Trends in U.S. Interstate Compacts: State Compact Adoptions in 2011 Were Well Above Average

Sep 12, 2011

By Crady deGolian, Council of State Governments

Currently, out of approximately 215 existing active interstate compacts, each state belongs to 25 different agreements, on average.

The use of interstate compacts has evolved considerably throughout the course of American history.   Dating back to their first use in colonial America through World War II, most of the compacts  into which states entered were bi-state agreements to resolve border disputes.  Since then, however, compacts have grown into regional and national agreements with both advisory and regulatory responsibilities.  In the last half century, interstate compacts have become more sophisticated and are being used to create administrative agencies to solve ongoing state policy challenges.

The creation of the Port Authority of New York and New Jersey in 1922 through an interstate compact signaled a significant shift in the use and application of interstate compacts.  For the first time, states began using compacts to establish regulatory agencies with the authority to act on the state’s behalf.  While the formation of the port authority ushered in a new era for interstate compacts, in 1955, states really began using compacts as a means to resolve challenging policy questions. 

Since then, the use of interstate compacts has grown dramatically, including:

  • States’ adoption of nearly 1,300 compacts, averaging 23 per-state annual adoptions;
  • The creation of interstate administrative agencies, including compacts in interstate transportation, taxation, environmental matters, regulation, education, corrections, public safety

The past four decades have seen some fairly dramatic ebbs and flows in the use of compacts.  In a 26- year period from 1974 to 2000, state adoptions were above the annual average of 23 only four times.  Compact adoptions were above average in none of the eight years of the Clinton administration. Conversely, from 2001 to 2011, the number of state adoptions was above average in seven legislative cycles.

While the exact reasons for the increased use of compacts over the course of the past decade is impossible to determine, one possible explanation may be attributed to recent Republican electoral successes.  Both the Bush administration and the recent shift to a Republican controlled U.S. House of Representatives have resulted in calls for a less centralized federal government and more emphasis on state-driven solutions.

This argument seems to carry more water when analyzing compact adoptions during the past two periods of state legislative sessions.  In 2010, there were 17 pieces of compact legislation adopted by state legislatures across the country.  While this number is not extremely low when looking across the past 57 years, it is well below the annual average number of state adoptions.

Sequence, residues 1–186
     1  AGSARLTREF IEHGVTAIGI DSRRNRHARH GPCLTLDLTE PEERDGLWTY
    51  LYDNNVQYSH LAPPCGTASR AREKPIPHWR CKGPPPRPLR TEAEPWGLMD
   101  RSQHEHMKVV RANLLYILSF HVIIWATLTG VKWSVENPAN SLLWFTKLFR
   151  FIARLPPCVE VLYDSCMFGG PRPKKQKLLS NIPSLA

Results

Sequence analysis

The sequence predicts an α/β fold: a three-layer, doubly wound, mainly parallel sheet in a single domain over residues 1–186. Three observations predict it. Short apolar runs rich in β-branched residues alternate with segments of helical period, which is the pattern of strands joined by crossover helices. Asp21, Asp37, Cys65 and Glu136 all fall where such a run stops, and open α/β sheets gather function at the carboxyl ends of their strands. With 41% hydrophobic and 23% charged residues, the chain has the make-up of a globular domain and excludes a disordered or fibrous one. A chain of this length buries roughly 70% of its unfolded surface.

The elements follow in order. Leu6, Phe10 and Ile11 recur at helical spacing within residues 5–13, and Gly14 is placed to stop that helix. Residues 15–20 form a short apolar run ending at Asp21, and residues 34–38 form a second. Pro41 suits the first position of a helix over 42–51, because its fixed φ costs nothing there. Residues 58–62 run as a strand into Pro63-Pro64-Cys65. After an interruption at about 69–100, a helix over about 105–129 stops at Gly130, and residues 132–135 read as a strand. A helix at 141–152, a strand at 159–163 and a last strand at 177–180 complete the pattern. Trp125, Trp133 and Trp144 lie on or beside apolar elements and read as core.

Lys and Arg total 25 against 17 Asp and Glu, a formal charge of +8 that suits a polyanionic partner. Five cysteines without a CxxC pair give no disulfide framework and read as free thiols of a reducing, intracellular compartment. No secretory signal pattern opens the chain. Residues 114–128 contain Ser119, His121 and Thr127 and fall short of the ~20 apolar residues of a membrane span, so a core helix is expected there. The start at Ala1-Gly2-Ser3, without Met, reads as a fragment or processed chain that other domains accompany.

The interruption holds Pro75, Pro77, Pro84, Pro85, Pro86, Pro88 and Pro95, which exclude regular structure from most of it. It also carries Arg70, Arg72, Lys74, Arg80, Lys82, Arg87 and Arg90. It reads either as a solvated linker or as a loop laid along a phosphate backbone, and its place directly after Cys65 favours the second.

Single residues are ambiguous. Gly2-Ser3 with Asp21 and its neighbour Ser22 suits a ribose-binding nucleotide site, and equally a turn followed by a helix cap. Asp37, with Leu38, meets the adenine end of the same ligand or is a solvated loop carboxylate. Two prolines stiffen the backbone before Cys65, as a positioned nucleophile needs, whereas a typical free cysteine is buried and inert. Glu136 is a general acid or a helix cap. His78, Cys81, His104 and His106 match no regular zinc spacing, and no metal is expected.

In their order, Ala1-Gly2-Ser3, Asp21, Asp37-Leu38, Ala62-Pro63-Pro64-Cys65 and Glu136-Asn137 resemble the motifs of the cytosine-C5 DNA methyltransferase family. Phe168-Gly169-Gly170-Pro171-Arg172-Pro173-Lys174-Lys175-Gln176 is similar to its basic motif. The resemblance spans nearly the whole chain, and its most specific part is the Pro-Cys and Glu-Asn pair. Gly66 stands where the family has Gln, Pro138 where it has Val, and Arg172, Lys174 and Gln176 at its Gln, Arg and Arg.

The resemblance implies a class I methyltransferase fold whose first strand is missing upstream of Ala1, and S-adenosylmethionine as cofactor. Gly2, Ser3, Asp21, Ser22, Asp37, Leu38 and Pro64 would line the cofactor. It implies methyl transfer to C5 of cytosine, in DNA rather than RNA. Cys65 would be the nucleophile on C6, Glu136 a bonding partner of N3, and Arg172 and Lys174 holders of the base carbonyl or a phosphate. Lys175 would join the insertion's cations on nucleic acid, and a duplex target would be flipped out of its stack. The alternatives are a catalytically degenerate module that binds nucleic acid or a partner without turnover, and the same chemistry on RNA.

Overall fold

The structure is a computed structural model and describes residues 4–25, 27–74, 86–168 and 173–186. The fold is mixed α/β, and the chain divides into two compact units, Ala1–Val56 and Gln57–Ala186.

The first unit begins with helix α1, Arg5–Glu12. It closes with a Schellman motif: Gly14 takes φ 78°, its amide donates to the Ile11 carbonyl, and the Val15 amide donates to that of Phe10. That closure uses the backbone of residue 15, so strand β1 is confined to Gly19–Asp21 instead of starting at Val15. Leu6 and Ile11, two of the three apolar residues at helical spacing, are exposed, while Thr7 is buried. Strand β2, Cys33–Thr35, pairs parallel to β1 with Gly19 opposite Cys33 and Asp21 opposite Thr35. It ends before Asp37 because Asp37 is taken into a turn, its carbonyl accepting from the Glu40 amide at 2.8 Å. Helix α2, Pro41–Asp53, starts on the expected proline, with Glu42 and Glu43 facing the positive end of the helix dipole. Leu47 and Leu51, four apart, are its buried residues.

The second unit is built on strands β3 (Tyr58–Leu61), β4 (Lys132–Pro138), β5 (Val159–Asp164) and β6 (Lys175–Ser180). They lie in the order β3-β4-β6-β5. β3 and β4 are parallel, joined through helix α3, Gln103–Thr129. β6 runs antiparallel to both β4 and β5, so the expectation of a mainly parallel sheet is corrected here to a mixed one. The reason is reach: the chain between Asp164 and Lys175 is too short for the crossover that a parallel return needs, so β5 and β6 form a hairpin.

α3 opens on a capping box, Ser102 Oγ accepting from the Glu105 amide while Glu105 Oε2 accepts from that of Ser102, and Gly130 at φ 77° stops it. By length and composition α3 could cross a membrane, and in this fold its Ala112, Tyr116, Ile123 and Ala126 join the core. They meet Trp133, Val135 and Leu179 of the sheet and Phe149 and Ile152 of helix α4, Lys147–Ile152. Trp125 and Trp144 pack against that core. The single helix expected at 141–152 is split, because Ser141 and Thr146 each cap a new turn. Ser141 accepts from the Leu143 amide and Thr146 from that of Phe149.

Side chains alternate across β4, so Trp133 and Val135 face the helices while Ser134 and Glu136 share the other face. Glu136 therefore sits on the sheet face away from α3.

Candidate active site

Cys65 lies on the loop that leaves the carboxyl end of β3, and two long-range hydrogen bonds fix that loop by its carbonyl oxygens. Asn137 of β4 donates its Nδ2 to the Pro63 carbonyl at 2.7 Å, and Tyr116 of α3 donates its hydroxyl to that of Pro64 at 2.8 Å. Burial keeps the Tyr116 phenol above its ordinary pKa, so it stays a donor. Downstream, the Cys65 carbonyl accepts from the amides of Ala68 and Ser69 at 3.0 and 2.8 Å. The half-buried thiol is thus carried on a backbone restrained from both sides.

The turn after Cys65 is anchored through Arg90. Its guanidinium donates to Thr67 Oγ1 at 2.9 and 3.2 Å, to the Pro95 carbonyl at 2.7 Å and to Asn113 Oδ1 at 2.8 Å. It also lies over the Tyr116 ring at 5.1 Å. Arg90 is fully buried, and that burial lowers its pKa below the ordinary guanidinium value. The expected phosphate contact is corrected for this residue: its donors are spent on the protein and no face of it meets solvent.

Conversely, there were 29 adoptions of compacts by state legislatures in the first half of 2011, which is well above the annual average.  These include compacts relating to surplus lines insurance, health insurance, insurance product regulation, horse racing, juvenile justice and education.

Such a dramatic jump in the use of compacts from 2010 to 2011 is difficult to explain.  It seems reasonable to conclude that the November 2010 elections, which resulted in Republicans gaining control of the U.S. House of Representative and making significant gains in the number of gubernatorial seats held and the number state houses and senates controlled, have played a significant role.


Kentucky Insurance Commissioner Sharon Clark was recently voted interim Chair of the new Surplus Lines Insurance Multi-State Compliance Compact (“SLIMPACT”) Commission.   Nine states have joined SLIMPACT and have begun work on the adoptions of rules, bylaws and an allocation formula.  Commission business will officially begin once a tenth state joins the compact.

Meanwhile, the Nonadmitted Insurance Multi-State Agreement (“NIMA”) states elected their first Governing Committee.  The inaugural NIMA Chairman will be Insurance Commissioner Mike Chaney from Mississippi, the Vice-Chairman of NIMA will be Director of Insurance Merle Scheiber of South Dakota, and Florida Insurance Commissioner Kevin McCarty will serve as NIMA Secretary.

Both NIMA and SLIMPACT provide a mechanism to report, collect, allocate and distribute surplus lines tax revenues consistent with the Non-admitted and Reinsurance Reform Act, part of the 2010 Dodd-Frank Wall Street Reform legislation that allows only the home state of the insured to require premium tax payments for non-admitted insurance in the absence of an agreement among states.